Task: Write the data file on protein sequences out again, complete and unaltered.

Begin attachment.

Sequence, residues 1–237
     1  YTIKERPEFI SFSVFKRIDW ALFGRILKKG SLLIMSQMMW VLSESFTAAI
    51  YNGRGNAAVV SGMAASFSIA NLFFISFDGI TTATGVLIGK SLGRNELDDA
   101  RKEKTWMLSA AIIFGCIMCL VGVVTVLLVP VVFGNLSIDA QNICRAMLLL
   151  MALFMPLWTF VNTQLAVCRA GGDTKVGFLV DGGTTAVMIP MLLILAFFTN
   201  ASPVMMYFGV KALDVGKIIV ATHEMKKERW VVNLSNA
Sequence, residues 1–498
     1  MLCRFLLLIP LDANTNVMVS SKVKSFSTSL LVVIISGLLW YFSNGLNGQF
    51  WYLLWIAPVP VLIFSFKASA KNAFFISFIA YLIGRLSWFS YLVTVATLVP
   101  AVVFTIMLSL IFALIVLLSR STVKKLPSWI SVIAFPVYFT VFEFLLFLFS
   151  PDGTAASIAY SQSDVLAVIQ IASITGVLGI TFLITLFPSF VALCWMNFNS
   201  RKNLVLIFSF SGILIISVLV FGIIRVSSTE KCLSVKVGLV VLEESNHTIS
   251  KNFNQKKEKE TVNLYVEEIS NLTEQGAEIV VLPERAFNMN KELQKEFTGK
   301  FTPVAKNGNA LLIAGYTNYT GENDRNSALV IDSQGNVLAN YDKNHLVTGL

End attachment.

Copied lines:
Sequence, residues 1–237
     1  YTIKERPEFI SFSVFKRIDW ALFGRILKKG SLLIMSQMMW VLSESFTAAI
    51  YNGRGNAAVV SGMAASFSIA NLFFISFDGI TTATGVLIGK SLGRNELDDA
   101  RKEKTWMLSA AIIFGCIMCL VGVVTVLLVP VVFGNLSIDA QNICRAMLLL
   151  MALFMPLWTF VNTQLAVCRA GGDTKVGFLV DGGTTAVMIP MLLILAFFTN
   201  ASPVMMYFGV KALDVGKIIV ATHEMKKERW VVNLSNA
Sequence, residues 1–498
     1  MLCRFLLLIP LDANTNVMVS SKVKSFSTSL LVVIISGLLW YFSNGLNGQF
    51  WYLLWIAPVP VLIFSFKASA KNAFFISFIA YLIGRLSWFS YLVTVATLVP
   101  AVVFTIMLSL IFALIVLLSR STVKKLPSWI SVIAFPVYFT VFEFLLFLFS
   151  PDGTAASIAY SQSDVLAVIQ IASITGVLGI TFLITLFPSF VALCWMNFNS
   201  RKNLVLIFSF SGILIISVLV FGIIRVSSTE KCLSVKVGLV VLEESNHTIS
   251  KNFNQKKEKE TVNLYVEEIS NLTEQGAEIV VLPERAFNMN KELQKEFTGK
   301  FTPVAKNGNA LLIAGYTNYT GENDRNSALV IDSQGNVLAN YDKNHLVTGL